Though magnetic and fascinating, “Things Heard & Seen” is ultimately a harmless a slow-burn haunted house tale.

Horror films are like snowflakes. Some may look incredibly similar to each other, but at their heart, each one has something unique and new to bring to the table different than anything before (unless you’re Gus Van Sant remaking Psycho…that one kind of disproves my whole theory here). Horror can be anything, and taking on so many different tones and mixing with so many genres is perhaps the most fascinating and creative ways a filmmaker can approach storytelling. Things Heard & Seen is an interesting case because it’s not the first horror/prestige drama that’s ever been made, but there’s something so enticing about its focus on drama and its relatively short bursts of horror make it effective as a whole. It has its major issues, but there’s something so mysterious and enigmatic about it that it was hard to shake.

Amanda Seyfried as Catherine Clare in THINGS HEARD & SEEN. Cr. Anna Kooris/NETFLIX © 2020.

Set in 1980’s New York, Catherine Clare (Amanda Seyfried) is a young woman and mother finding herself having to uproot her life in Manhattan to move upstate when her husband, George (James Norton), secures a teaching position at a small private college in the Hudson Valley. After settling into a beautiful home on a substantial plot of land, Catherine finds herself isolated from a sense of community while George thrives in his new position. As Catherine’s frustration grows, she begins to see vague specters pervade her new home, and she must find a way to discern whether what she is seeing is real or whether it all is a result of her husband’s sheltering of her. This journey will let her discover that true darkness can come much closer to home.

It’s difficult to describe Things Heard & Seen and have it not sound like every other haunted house movie ever made, and in a sense…yes, it does start out that way. Luckily, thanks to some good performances and a few clever dramatic twists that shake things up more than its horror does, the film generally works. Things Heard & Seen isn’t as much a standard haunted house movie as it is The Haunting of Hill House meets Marriage Story.

L-R: James Norton as George Clare and Amanda Seyfried as Catherine Clare in THINGS HEARD & SEEN. Cr. Anna Kooris/NETFLIX © 2020.

Seyfried, unsurprisingly, is a fabulous lead here, and her doe-eyed mysticism lends an engaging sense of wonder in discovering the secrets of her new home, and her perfect marriage. Opposite Seyfried is an equally engaging Norton, who always gives good scumbag. I’m sure Norton is a lovely man in real life, but casting him as the shitty husband with something to lose is always an archetype that works. Add in the faux-academic smarminess that comes with the film’s Northeastern setting and his affluent upbringing, and it’s enough to activate my fight-or-flight at least a good 500 feet away from him at all times. In a film like this, you can scare me as much as you would like with the supernatural, but I’ll still be afraid of the over-charismatic white dude even more. I’m glad Things Heard & Seen understands that as a fear tactic in and of itself.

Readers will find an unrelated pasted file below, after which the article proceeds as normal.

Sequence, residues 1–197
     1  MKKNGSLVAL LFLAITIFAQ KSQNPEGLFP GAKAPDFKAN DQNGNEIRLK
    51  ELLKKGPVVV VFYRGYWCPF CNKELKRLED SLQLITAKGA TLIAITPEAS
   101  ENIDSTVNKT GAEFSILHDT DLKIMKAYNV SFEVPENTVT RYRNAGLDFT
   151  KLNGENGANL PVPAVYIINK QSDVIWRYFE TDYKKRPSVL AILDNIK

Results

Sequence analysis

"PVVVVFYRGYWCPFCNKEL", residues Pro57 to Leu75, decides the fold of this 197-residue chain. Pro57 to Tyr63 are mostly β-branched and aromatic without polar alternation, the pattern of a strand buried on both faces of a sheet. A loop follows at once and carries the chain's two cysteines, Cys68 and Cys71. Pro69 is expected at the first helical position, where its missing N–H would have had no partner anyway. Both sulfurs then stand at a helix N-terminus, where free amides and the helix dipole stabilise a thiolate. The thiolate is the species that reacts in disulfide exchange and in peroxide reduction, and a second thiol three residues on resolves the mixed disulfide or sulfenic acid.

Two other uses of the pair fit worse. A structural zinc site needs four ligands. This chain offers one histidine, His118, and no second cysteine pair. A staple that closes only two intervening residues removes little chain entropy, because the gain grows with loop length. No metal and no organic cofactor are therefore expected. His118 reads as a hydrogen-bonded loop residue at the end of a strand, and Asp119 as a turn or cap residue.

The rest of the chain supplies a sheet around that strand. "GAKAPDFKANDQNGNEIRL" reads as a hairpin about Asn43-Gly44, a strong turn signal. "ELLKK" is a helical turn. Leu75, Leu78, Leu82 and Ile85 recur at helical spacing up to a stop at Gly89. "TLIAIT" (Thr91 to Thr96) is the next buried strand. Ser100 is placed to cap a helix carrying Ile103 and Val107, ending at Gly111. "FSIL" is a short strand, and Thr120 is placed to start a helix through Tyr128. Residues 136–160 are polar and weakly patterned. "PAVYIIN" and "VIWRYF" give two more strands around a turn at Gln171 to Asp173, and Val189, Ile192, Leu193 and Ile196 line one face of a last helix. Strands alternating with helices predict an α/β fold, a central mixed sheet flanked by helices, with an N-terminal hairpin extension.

What builds this really engaging sort of macabre wonder surrounding the whole film is Peter Raeburn’s fluttery, mysterious musical score. Looking to spark intrigue, rather than pure fear, Raeburn’s score has an ethereal vibe to it that gives Things Heard & Seen a much lighter, airy tone that works in balancing the film’s often conflicting tones into something a bit more cohesive. It’s one of those scores that you sit and wonder if the film would’ve been even remotely as effective without it, and that’s artistry.

Things Heard & Seen is a long damn movie. While 121 minutes doesn’t seem too egregious in the grand scheme of Snyder Cuts, there is a deliberate slowness to the film that would fabulously punctuate a film about half-an-hour shorter, but the film’s third act begins to stretch itself out far beyond its welcome, leading to a finale that feels unfortunately half-baked and a bit antithetical to the calculated nature of its first two acts. It’s not so egregiously bad in the way much cheaper and worse have bungled their finales, but it’s still enough to feel underwhelmed by it all, particularly after taking its sweet time to get to it.

L-R: James Norton as George Clare and Amanda Seyfried as Catherine Clare in THINGS HEARD & SEEN. Cr. Anna Kooris/NETFLIX © 2020.

But even despite that, there was something magnetic and fascinating about Things Heard & Seen that never bored me, even if its pace and narrative decisions near the end tested my patience. It doesn’t change that this is a classy little horror film that’s far more about the subtle chills and human interactions than anything else. It’s not a film for a fun night in with a horror film, but for anyone who wants the slow-burn haunted house horror of I am the Pretty Thing that Lives in the House with the marital discord of Marriage Story (I’m not really sure why you would want that), the final product of its creation is still engaging and harmless enough to warrant a recommendation. Will I remember it for years to come? Probably not, but for the time it gave me, it’s more than sufficient to quell a quiet Friday night.

Available on Netflix beginning April 29th, 2021.

Final Score: 3 out of 5.

Categories: Reviews, streaming

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